I recently read that a steady (not tense) bow arm is more important than a good release, and will actually help minimize the negative effects of a bad release. I don’t know if that’s true, but I DO know that I have observed lots of bad shots that were a direct result of a pluck or other bad release. I’ve also seen LOTS of people manufacture a release follow through because they (think they) know their release hand should dramatically fly backward with an impressive looking flourish. They have improperly convinced themselves that the felt backward motion of that draw arm is “good feedback” about their release. I get it – it’s something concrete that you can feel and others can observe telling you and the world that you are doing it right, and, it looks cool. I’ve also seen archers manufacture forward bow roll – they use muscles in their hand/wrist to make the bow roll forward upon release. To recap so far on this point: archers sometimes use muscles to force a dynamic follow through or forward bow roll – using muscles creates tension, the opposite of relaxation, and this is bad. I like the Zen teaching for a proper release the best. Imagine a branch on a tree collecting snow. At some point the weight of the snow becomes too substantial and the tree branch “gives way” to the weight and the snow falls off. This is a great analogy for an archery release. The bow arm is extended and steady, pushing forward in many systems, and you continue to pull through the shot (using back muscles and upper body chest expansion). As you continue this slow steady push/pull you relax your string fingers and allow the string to pull through your now loose fingers; you do not use muscles to open your fingers (that’s plucking), you relax them and let all that stored energy in the string from the drawn bow do the work. Depending on the amount of draw weight in your bow, your release hand, if relaxed, will most likely experience a bit of recoil or backward motion across your face; it may also have very little or no backward motion, what some call a “dead release.” In my opinion there is nothing wrong whatsoever with a dead release; it is certainly preferable to a pluck! Going back to my earlier comment about a manufactured release follow through: I’ve done video analysis on many archers which shows that the manufactured release follow through results in a bow arm that significantly pushes to the left (for a right handed archer). The release looks cool and impressive, but the shot misses left. Then the archer adjusts the windage on her or his sight, and the cycle begins . . .

Oh no, how do I fix this?!!!

Two terms: Blank Bale Practice and Process Goals.

If you are serious about improving your archery skills how and how often you practice becomes really important. You need to do more than shoot lots of arrows at a target trying to hit bull’s eyes once a week (or less) – very few of us are naturally skilled enough to get away with that. Most of the best archers I know shoot “1,000 arrows a week” or “6 hours a week,” etc. But what they do when they shoot that much is what matters.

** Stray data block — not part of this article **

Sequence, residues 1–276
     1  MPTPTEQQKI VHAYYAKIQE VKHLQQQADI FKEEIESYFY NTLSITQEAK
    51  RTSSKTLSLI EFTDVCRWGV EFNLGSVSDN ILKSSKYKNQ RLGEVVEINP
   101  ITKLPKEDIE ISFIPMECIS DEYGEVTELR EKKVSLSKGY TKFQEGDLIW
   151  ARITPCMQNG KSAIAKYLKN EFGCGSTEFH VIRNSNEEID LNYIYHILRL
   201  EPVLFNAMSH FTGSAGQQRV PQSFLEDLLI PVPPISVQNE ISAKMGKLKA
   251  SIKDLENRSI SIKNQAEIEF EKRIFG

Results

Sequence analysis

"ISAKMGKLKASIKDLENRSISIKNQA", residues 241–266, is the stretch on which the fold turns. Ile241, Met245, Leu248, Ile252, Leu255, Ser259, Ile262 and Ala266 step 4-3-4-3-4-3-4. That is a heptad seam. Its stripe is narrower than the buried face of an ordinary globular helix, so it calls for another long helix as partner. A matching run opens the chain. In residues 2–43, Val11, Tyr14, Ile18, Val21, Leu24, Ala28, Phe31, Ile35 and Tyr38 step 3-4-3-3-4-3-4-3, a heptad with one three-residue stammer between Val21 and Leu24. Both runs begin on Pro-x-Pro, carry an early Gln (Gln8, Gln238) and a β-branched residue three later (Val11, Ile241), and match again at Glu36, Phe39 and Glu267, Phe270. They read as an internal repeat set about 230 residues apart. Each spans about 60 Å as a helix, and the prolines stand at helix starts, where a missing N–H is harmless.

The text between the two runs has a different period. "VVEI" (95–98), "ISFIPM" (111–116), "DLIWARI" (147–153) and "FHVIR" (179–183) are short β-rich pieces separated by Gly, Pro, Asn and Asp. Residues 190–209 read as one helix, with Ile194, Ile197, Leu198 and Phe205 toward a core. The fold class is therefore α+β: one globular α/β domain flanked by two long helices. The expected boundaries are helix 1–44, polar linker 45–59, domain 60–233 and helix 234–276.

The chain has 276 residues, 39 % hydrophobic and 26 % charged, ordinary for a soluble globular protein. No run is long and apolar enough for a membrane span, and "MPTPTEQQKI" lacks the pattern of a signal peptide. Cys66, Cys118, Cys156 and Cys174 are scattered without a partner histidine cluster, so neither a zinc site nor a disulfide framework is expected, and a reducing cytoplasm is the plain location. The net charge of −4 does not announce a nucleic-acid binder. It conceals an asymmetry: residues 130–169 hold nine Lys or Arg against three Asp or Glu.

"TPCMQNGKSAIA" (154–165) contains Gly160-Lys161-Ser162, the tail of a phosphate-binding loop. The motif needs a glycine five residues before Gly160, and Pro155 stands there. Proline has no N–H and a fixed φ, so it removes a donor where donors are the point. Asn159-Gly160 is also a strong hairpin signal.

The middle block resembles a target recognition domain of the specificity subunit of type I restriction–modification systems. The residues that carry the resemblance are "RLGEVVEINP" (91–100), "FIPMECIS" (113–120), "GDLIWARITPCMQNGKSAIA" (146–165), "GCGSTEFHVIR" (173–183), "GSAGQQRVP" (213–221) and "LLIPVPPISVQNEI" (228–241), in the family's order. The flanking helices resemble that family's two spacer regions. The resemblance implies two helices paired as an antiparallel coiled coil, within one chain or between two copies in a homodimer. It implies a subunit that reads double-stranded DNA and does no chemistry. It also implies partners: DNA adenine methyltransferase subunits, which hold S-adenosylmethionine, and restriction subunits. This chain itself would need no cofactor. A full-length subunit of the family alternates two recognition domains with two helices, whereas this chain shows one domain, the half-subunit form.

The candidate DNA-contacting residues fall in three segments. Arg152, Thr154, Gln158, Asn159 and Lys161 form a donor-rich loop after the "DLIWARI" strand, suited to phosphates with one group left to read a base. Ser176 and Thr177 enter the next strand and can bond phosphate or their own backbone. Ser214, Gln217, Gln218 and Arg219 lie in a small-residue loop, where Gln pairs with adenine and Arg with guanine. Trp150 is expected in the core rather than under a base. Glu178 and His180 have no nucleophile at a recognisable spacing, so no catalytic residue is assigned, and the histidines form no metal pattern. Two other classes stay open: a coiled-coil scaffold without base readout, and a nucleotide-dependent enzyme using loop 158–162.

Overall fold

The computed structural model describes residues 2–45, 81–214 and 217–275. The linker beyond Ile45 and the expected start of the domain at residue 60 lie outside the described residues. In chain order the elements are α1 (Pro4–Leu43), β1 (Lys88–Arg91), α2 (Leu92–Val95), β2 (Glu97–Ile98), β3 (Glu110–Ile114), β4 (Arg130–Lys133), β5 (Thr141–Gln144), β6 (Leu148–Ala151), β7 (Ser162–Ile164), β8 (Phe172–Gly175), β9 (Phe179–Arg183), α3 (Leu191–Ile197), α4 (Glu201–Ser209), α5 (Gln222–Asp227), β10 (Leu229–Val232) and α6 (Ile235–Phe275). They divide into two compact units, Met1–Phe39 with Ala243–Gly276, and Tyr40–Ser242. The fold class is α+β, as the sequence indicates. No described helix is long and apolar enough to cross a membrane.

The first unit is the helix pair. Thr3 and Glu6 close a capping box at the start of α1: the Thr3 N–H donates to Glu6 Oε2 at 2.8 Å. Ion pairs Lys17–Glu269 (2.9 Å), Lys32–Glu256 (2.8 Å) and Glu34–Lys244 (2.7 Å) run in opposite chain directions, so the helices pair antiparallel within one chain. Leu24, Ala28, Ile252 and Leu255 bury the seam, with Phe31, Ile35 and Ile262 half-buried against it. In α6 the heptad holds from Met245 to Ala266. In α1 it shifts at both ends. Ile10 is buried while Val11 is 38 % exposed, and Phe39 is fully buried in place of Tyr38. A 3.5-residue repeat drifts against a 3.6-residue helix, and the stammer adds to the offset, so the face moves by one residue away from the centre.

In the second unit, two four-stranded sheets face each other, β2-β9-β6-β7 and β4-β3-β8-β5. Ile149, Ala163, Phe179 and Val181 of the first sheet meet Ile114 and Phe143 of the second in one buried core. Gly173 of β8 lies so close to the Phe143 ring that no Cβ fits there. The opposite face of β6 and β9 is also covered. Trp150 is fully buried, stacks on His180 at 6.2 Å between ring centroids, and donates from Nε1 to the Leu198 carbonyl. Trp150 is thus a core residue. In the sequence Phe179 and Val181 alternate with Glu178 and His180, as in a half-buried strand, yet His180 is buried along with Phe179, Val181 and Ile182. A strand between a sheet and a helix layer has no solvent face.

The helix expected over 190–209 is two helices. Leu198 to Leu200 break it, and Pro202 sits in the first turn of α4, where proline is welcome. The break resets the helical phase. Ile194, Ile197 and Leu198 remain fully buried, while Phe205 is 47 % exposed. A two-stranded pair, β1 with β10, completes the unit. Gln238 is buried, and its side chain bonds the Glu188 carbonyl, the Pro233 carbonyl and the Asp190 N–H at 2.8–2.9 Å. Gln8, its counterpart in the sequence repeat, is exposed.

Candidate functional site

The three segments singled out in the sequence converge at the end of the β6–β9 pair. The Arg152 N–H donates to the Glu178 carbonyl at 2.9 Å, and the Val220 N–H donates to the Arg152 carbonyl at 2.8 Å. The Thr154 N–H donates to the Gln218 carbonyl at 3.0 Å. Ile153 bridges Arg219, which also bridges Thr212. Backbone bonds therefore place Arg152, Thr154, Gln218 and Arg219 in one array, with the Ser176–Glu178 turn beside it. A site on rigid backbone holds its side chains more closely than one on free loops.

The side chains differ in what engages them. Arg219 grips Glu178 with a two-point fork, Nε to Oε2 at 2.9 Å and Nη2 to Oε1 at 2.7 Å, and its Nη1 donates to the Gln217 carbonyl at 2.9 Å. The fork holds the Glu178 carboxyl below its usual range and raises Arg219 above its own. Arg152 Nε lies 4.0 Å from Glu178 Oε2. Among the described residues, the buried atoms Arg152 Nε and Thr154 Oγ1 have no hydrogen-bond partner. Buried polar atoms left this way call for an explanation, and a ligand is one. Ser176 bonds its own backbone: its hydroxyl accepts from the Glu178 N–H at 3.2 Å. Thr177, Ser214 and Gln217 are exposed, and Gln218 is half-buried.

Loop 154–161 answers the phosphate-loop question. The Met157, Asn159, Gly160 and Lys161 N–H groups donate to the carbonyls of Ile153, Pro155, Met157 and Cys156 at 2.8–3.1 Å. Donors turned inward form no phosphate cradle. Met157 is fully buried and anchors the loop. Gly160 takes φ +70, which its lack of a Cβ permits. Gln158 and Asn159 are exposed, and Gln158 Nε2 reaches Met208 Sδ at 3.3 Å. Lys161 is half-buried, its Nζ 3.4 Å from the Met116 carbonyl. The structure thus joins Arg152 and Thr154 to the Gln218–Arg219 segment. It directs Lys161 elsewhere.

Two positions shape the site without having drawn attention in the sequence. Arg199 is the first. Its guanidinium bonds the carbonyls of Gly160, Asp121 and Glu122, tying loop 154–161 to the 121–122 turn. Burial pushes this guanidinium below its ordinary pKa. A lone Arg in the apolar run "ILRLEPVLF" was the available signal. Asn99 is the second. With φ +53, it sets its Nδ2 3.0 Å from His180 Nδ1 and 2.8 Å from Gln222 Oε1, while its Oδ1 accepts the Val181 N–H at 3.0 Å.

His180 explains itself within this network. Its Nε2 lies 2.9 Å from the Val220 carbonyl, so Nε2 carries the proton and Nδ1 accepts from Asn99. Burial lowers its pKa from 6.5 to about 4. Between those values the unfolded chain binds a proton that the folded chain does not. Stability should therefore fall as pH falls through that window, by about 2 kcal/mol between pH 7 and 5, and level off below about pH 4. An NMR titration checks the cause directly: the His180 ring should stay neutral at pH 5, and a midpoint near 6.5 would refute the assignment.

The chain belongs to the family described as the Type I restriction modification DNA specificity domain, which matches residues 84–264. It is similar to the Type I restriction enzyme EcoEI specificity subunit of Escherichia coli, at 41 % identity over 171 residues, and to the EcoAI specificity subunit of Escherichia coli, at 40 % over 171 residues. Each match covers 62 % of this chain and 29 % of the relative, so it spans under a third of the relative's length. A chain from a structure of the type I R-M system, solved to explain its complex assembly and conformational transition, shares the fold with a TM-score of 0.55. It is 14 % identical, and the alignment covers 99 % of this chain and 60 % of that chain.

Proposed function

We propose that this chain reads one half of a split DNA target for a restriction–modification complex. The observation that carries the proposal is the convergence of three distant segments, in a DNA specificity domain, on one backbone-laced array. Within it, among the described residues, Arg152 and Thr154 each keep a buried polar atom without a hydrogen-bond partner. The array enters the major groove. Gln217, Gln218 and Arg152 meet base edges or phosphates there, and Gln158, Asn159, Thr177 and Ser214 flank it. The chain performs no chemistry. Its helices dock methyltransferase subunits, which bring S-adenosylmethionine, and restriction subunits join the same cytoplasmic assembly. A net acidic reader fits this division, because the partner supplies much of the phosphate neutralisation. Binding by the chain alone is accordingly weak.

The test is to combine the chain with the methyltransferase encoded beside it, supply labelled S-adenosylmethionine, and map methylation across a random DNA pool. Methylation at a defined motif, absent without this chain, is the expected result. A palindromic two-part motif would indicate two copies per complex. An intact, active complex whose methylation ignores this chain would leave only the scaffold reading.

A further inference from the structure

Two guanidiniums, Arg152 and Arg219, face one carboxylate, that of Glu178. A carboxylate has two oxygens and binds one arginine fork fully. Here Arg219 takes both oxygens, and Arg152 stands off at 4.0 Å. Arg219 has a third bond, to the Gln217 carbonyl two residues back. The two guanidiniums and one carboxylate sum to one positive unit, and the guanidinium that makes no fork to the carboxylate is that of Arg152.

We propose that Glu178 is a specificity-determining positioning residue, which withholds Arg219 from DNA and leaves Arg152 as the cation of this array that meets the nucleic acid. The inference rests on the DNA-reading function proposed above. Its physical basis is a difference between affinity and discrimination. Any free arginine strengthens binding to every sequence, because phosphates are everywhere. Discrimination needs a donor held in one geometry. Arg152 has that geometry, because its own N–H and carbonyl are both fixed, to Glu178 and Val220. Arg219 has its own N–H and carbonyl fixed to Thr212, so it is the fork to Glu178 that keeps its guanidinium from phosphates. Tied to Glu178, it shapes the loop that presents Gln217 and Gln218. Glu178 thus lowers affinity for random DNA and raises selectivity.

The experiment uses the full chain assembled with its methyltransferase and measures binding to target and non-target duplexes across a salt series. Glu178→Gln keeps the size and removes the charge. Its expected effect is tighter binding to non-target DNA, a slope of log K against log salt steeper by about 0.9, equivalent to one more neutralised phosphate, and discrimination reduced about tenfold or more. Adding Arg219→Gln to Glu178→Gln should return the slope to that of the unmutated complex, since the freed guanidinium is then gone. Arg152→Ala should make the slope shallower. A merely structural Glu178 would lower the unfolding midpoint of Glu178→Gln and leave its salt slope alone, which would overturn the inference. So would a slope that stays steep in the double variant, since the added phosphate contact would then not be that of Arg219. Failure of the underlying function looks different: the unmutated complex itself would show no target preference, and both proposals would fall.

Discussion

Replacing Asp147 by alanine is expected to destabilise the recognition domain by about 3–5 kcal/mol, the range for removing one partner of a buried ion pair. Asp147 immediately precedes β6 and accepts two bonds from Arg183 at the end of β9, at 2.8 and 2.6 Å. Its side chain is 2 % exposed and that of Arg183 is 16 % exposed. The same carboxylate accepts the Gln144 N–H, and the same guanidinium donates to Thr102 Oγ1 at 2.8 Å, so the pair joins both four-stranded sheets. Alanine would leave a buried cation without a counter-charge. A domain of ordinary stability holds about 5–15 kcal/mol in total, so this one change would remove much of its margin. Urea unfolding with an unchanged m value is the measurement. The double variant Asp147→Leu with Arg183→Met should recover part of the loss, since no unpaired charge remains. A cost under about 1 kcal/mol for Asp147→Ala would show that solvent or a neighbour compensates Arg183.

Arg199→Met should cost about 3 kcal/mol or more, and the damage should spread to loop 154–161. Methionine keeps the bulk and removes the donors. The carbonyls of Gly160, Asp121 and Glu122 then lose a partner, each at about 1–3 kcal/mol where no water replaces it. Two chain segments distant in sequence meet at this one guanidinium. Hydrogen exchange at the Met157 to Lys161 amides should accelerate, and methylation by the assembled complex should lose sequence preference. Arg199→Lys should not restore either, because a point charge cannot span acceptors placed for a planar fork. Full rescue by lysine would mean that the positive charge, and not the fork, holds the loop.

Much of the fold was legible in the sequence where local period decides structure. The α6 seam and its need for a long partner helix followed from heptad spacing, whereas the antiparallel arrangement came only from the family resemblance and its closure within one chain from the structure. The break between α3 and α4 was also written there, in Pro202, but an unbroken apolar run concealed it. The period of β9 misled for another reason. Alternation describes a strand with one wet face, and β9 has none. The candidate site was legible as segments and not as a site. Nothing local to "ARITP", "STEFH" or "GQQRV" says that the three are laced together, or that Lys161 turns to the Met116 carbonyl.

Shooting at a blank bale from close distance (10-20 feet) allows you to focus on form and technique. 10 – 20 feet eliminates as much as possible the compulsion to try and hit something specific. I say “as much as possible” because trying to aim at and hit something seems to be hard to resist – most archers I talk to say it’s really hard not to try and hit that little spot on the bale, or create a pattern (like a 4 point cross). Something happens to the brain when we put a projectile in our hands – when we try to trick the brain by taking away that target with a bull’s eye that is begging to be hit, the brain seems to create one for us. Do your best. Shoot arrows that you don’t care about because you’ll most likely break nocks, tear fletching, even robin hood a shaft or too (cool, but expensive). Shoot no more than 3 arrows at a time and really FOCUS on one aspect of your form relaxation at a time.

This is where process goals come in. Process goals are different than results goals. We’re all familar with results goals – “I’m going to win the tournament,” I’m going to beat 250 points,” I’m going to shoot 10 bull’s eyes.” Process goals are focused on the things that ultimately allow you to get results. Example process goals include: “I’m going to shoot 50 arrows with a perfect release” (at a blank bale of course), “I’m going to work on my grip for 1 hour this week,” or, “I’m going to practice relaxing my hips for close distance shots today.”